In the course of a broad-ranging address to the Dublin and Glendalough Diocesan Synods on October 15th, 2013, my overall theme was: change and consolidation, harvesting the fruits of the Spirit. In addressing change and consolidation, I identified areas in the dioceses where clergy and people have done groundbreaking work and also areas where there is a need to do considerably more work.
One such focus is the structured involvement and intentional engagement in the local parochial life of the Church of Ireland, as a pervasive norm, on the part of those who are Anglicans in two particular definitions: (a) those whom we still call immigrants and who are now our neighbours and have been Anglicans in their countries of origin; and (b) those who are Anglicans by conviction having formerly been members of other Christian traditions or other world faiths.
Both are our fellow-worshippers. They witness to the saving and redeeming work of God in Jesus Christ. They live this life of faith with us in the here and now through the Holy Spirit. I applaud and support the courageous work of mission of many lay people and clergy across these united dioceses who have sought such spiritual and ecclesiological integration of people who are our equals before God and who, like each of us, are made in the image and likeness of God.
Worry over inclusion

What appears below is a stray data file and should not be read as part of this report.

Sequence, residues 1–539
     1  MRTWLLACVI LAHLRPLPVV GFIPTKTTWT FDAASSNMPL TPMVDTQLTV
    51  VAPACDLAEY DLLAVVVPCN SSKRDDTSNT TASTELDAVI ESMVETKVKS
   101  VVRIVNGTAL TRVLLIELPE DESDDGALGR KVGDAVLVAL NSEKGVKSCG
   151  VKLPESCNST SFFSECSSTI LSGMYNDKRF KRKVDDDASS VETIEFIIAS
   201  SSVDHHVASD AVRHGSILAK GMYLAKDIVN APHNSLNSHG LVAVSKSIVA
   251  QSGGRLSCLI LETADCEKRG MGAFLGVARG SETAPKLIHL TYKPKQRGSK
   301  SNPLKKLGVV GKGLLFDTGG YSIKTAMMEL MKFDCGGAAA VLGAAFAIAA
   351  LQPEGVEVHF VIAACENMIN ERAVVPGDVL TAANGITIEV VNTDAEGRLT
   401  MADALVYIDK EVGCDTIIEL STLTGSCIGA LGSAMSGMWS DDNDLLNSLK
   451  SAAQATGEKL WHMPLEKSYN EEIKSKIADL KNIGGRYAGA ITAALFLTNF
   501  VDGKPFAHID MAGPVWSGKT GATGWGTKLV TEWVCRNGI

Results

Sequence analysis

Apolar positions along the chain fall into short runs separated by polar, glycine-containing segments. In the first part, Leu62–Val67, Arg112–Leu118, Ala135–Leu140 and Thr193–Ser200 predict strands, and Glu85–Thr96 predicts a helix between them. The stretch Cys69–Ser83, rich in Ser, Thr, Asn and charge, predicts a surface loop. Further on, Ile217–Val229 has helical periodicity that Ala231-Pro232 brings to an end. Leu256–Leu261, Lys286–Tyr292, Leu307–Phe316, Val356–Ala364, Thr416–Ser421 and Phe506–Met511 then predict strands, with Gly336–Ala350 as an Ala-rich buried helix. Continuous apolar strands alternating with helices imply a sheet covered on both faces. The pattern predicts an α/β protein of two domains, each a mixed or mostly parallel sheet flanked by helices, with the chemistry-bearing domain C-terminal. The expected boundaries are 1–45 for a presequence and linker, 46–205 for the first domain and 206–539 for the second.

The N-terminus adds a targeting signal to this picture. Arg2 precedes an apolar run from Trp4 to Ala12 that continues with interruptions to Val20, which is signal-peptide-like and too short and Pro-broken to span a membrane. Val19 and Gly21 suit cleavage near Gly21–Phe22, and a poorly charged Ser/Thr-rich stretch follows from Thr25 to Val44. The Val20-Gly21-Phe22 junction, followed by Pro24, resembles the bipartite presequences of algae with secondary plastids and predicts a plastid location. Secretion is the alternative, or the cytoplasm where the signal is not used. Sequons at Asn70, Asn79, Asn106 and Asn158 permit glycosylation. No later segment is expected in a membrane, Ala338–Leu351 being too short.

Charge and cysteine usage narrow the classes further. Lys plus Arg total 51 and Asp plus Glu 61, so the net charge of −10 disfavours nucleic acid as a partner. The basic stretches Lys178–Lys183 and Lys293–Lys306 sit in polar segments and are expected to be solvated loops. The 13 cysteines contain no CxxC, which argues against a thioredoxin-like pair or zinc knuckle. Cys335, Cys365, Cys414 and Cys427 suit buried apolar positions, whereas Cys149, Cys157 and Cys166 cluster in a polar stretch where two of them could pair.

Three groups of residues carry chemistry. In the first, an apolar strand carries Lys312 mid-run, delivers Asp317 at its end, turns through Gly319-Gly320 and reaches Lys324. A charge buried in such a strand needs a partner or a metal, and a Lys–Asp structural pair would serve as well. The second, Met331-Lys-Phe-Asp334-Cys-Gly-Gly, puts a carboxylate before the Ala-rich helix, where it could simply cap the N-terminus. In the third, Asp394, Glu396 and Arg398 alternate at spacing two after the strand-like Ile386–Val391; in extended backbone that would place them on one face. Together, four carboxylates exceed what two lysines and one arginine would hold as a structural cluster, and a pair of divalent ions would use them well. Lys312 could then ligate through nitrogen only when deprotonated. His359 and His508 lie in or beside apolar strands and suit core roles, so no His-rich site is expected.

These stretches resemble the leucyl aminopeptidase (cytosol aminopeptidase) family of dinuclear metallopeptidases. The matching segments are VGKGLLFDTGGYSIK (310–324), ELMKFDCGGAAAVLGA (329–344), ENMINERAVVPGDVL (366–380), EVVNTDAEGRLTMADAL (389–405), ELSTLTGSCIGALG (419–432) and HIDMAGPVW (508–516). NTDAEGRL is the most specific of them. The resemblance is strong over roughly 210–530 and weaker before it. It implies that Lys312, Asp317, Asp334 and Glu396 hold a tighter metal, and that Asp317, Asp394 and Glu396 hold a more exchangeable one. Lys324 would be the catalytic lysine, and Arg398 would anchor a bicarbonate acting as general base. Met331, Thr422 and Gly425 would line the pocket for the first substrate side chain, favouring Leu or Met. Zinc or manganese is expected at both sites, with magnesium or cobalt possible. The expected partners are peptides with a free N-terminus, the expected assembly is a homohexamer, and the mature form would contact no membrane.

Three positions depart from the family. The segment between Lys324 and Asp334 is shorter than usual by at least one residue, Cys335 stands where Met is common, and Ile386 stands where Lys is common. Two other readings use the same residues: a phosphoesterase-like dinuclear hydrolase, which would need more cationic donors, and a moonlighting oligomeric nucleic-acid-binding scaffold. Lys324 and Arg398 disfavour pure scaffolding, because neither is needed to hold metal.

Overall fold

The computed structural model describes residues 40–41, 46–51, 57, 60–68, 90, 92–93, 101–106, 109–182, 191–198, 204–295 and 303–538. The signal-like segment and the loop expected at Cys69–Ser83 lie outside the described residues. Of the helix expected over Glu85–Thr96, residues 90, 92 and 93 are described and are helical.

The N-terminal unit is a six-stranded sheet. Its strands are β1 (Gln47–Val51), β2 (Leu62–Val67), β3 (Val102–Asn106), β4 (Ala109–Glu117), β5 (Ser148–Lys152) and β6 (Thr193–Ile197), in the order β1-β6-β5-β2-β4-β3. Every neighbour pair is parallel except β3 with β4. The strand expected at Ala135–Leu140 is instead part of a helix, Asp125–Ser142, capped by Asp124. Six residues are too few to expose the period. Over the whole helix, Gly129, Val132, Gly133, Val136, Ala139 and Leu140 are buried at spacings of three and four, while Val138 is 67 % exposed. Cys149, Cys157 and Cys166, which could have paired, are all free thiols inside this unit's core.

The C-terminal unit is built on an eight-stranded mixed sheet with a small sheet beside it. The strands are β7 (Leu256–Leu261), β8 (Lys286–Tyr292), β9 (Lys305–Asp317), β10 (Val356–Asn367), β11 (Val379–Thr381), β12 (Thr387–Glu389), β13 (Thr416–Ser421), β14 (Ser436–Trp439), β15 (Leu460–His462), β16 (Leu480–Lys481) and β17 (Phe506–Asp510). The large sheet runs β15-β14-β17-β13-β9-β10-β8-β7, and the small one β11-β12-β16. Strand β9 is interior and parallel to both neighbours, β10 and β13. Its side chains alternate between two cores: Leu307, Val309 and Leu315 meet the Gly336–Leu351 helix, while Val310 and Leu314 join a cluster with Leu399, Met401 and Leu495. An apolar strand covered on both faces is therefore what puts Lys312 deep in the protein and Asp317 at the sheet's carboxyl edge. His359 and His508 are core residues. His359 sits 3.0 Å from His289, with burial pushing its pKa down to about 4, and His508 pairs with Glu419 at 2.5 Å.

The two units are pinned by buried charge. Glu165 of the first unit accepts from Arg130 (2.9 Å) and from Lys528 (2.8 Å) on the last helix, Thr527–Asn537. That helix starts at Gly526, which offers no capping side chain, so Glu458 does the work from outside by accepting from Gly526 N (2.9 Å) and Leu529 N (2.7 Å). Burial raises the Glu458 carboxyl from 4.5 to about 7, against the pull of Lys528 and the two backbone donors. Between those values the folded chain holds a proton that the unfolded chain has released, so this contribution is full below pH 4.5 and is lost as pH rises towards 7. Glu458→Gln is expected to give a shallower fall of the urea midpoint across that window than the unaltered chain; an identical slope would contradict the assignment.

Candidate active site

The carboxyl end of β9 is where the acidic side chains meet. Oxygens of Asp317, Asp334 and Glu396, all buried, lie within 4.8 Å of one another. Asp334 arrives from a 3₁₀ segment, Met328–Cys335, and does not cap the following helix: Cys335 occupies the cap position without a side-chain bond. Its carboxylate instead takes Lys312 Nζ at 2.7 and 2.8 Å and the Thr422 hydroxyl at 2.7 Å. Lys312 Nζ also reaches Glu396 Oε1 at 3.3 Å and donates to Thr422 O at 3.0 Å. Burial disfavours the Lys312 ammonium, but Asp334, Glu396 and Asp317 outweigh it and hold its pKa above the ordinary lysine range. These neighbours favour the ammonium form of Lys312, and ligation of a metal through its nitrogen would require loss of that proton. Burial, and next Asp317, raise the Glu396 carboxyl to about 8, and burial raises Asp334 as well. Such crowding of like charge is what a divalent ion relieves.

Such was the worry that newcomers were not experiencing welcome and inclusion in parishes across these united dioceses that Archbishop John Neill, formerly archbishop of Dublin and bishop of Glendalough, set up a working group, which reported in 2005. The report produced by the group, Welcoming Angels, acknowledged that it was responding to a root problem that "seems to be a lack of proper welcome from the Church of Ireland" .
My concern in 2013 is that the inclusive attitudes and behaviours that I support and applaud are still not a universal phenomenon in these united dioceses (of Dublin and Glendalough). The problems acknowledged in Welcoming Angels appear to persist. I have been told by concerned clergy that some of them experience resistance to change in their parishes when they engage in work to welcome and integrate new people. That resistance often comes from small groups of assertive lay people who are, perhaps, fearful of change and of the challenge to their comfort zones. The first scoping study report of the Hard Gospel project, published in 2003, told us that clergy all across this island tend to be more open to ecumenism and more positively oriented to change than are some lay people.
Dr Neill, formerly archbishop of Dublin and bishop of Glendalough, spoke pertinently of tribalism at the launch of Malcolm Macourt's book Counting the People of God? The Census of Population and the Church of Ireland in February 2009. He believed this phenomenon was confined to rural areas, and spoke of new members of the Church of Ireland as those who share "none of the prejudices, customs, memories of the 'tribe'". Significantly, he made no reference in his launch to the cast of mind of historic, or even perhaps genetic, members of the Church of Ireland or to the urban areas in this movement towards effective openness and freshness. This has to be the other side of this numerological coin, regarding the influx into the contemporary Church of Ireland of those who were not previously "members" in any sense of that word. It is entitled to its own analysis, in all its richness and complexity combined.